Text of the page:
According to the same modelling, the assessments on the dam’s impacts do not cover areas further downstream. They cover only areas within 2.5 km radius upstream, and 1.7 km radius downstream.
Thailand had thus requested more assessments downstream, while demanding inclusion of factors upstream, including dam operations of Xayaburi and Pak Lay, said Dr. Somkiat.
Dr. Somkiat said Thailand had learned about insufficient information regarding the dam project since the beginning and requested more information from the dam developers.
There have been internal consultations among concerned agencies and the office wishes to see national consultations among stakeholders including residents in affected provinces be organized following the prior consultation procedures.
Without sufficient information to share with the planned forums, Thailand has to postpone this process until it has received the next TRR and more complete information as required, said Dr. Somkiat.
Prior consultation is part of the MRC’s procedural rules on cooperation on water use of the Mekong mainstream, known as the Procedures for Notification, Prior Consultation and Agreement (PNPCA).
Under the rules, any infrastructural projects using the mainstream water during the dry season within the same basin, as well as during the wet season between two basins, must undergo the prior consultation process.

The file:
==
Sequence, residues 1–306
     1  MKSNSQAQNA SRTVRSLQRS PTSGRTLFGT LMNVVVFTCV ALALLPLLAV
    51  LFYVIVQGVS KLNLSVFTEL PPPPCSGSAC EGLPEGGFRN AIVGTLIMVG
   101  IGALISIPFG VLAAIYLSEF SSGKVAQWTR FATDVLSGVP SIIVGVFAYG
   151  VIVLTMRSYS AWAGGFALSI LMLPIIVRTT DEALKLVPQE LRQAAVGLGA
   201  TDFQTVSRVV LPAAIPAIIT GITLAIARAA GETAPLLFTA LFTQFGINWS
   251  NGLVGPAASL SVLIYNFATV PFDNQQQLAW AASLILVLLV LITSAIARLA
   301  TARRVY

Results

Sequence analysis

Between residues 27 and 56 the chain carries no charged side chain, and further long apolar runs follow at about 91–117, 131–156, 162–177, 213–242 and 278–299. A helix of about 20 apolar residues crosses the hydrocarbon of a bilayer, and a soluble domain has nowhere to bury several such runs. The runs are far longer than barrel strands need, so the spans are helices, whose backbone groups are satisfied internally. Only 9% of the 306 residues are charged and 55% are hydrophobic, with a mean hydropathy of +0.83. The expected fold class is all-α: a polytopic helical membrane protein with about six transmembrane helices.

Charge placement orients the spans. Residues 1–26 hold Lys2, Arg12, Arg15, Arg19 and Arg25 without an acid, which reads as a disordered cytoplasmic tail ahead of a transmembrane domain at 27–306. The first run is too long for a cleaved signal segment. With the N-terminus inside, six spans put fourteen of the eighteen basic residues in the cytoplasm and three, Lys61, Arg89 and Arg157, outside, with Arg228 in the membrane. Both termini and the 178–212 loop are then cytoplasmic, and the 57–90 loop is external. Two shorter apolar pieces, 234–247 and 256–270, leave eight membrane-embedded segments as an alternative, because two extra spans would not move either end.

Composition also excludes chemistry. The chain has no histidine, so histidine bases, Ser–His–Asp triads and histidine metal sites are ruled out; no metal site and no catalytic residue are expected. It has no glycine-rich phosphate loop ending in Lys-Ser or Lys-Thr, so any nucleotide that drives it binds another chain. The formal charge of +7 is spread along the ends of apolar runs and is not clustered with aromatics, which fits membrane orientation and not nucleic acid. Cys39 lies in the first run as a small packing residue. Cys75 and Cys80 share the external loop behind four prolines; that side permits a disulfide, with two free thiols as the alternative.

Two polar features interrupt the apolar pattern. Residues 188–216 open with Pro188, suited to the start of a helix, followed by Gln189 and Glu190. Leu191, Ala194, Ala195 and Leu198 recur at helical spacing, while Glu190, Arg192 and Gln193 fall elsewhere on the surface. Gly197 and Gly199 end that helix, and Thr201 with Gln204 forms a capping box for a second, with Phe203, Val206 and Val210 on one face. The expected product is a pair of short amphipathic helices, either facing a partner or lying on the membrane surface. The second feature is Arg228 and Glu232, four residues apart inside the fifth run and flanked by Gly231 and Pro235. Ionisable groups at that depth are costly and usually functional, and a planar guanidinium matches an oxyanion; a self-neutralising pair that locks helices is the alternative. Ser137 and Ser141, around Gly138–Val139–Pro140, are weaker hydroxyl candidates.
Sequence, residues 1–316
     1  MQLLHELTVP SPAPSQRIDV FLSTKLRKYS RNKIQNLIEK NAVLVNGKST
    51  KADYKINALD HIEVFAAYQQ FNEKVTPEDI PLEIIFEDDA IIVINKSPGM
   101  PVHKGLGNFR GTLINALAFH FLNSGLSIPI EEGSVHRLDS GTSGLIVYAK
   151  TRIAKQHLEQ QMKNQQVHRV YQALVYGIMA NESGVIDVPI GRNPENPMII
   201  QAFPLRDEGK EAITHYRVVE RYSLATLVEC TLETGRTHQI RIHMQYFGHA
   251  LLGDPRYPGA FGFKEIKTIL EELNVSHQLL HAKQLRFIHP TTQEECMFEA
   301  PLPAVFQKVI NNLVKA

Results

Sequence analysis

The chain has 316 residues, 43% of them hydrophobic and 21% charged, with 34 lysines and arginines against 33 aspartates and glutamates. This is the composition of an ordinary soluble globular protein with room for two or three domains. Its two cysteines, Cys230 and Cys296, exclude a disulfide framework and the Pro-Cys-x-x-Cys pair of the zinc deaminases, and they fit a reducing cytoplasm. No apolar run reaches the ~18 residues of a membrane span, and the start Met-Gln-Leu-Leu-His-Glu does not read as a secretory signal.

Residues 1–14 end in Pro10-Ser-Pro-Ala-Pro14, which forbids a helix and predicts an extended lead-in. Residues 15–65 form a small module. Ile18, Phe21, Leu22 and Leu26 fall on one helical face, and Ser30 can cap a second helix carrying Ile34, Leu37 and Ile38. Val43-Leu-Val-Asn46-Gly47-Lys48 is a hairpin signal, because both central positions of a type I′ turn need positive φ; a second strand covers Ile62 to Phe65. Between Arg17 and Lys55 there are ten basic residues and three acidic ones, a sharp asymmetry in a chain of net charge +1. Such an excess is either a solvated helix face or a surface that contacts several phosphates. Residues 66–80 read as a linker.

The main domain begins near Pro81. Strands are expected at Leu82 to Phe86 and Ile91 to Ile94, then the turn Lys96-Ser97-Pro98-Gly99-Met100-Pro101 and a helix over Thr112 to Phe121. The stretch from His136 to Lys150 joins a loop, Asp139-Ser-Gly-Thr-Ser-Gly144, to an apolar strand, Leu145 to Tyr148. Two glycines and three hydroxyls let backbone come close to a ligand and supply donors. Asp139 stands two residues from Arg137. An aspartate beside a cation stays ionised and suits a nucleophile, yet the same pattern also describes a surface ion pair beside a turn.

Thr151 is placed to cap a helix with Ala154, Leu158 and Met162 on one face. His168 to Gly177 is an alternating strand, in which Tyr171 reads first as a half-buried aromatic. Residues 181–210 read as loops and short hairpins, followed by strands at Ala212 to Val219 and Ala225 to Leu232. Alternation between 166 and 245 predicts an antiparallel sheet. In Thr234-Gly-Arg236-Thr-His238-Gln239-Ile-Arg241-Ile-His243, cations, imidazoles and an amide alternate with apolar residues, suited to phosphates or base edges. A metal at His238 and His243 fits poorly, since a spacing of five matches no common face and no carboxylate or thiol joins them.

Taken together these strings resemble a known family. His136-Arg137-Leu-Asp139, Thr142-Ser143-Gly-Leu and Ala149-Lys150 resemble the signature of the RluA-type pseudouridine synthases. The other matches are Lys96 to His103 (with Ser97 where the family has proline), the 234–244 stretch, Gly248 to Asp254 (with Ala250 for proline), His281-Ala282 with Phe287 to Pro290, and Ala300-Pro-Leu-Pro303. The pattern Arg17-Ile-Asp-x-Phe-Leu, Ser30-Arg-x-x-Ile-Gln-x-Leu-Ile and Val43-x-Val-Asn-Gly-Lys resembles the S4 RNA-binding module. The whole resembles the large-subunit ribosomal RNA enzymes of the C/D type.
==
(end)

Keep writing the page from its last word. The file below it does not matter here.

Those applicable include large-scale irrigation and hydropower development, which may cause significant impacts on the environment, water flow regimes and quality of the Mekong mainstream, according to the MRC.
The MRC notes that any member country which intends to proceed with the project is required to notify the other countries and provide them with available data and information. The process then enables the notified countries to assess possible impacts on their territories and comment on the proposed use. National and regional consultations are also required as part of the process.
The process is by far the only official regulation over the use of the river among the MRC member countries, but the MRC has repeated many times that the process is for the member countries “to come to an agreement on how the consulted case should proceed.”
In other words, “it is not meant to approve or disapprove the proposed project”, according to the MRC.
Through the JC, the prior consultation thus is aimed to “reach an agreement to achieve an optimal use and prevention of waste of water, and to issue a decision that contains agreed-upon conditions for the project”, defines the MRC.
If the JC cannot reach an agreement on the prior consultation, they may refer the matter to the higher MRC governing body, the MRC Council, which consists of ministerial posts from the member countries.
If the Council cannot decide on the issue, it may refer this to the governments of the four countries to seek resolution through diplomatic channels or through international laws, according to the MRC.
The Sanakham dam project is planned on the Lower Mekong, it hence matches the MRC’s requirements regarding the prior consultation.
Unlike the previous processes held for the first fifth dam projects on the same Lower section, the working group earlier agreed that the consultation for the Sanakham dam would not be limited within a six- month timeframe, suggesting some compromise made among the member countries.